A slow, contemplative read, the pace allows the reader to really consider much of what Browning was discovering for herself. It is very well-written and sprinkled with humor. There are moments where it is hard to find sympathy for Browning: having to sell one of her two homes and continually returning to a married (but legally separated) lover who is clearly using her but to whom she is too addicted to break free. But her honesty and introspection and the very real feelings that she faces at things like the loss of her carefully and lovingly tended garden are among the things that counterbalance these other factors. Slowing down and fully experiencing even the small things in the world around you is always good advice, whether it is given by a woman spending yet another day in her jammies or by a woman once she's come through the other side of the experience and learned to embrace a new life and a new identity.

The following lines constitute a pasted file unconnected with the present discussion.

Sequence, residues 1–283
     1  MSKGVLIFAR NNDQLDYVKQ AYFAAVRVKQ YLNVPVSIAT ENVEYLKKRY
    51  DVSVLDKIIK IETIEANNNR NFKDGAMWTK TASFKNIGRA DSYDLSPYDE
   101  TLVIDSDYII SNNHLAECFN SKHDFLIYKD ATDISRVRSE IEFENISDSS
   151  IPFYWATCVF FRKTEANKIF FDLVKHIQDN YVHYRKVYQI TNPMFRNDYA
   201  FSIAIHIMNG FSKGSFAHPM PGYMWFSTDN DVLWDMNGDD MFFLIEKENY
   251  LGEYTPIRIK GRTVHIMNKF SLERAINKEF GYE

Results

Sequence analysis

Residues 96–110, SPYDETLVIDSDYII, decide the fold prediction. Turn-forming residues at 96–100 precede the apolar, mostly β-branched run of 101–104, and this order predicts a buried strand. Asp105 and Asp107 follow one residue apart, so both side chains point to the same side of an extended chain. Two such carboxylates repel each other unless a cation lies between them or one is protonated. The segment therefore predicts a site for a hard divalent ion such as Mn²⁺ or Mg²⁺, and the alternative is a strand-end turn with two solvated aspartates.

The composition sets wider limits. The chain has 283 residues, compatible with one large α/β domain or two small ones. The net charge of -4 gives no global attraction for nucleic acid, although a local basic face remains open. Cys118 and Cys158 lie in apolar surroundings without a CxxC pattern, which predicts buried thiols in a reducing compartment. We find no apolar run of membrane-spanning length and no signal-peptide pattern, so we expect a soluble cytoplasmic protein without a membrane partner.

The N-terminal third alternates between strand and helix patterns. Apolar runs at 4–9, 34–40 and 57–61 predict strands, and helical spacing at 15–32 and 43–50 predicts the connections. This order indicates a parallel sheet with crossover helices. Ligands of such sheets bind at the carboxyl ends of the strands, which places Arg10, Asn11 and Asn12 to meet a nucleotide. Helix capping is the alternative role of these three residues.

Thanks to the publisher for sending me a copy of this book to review.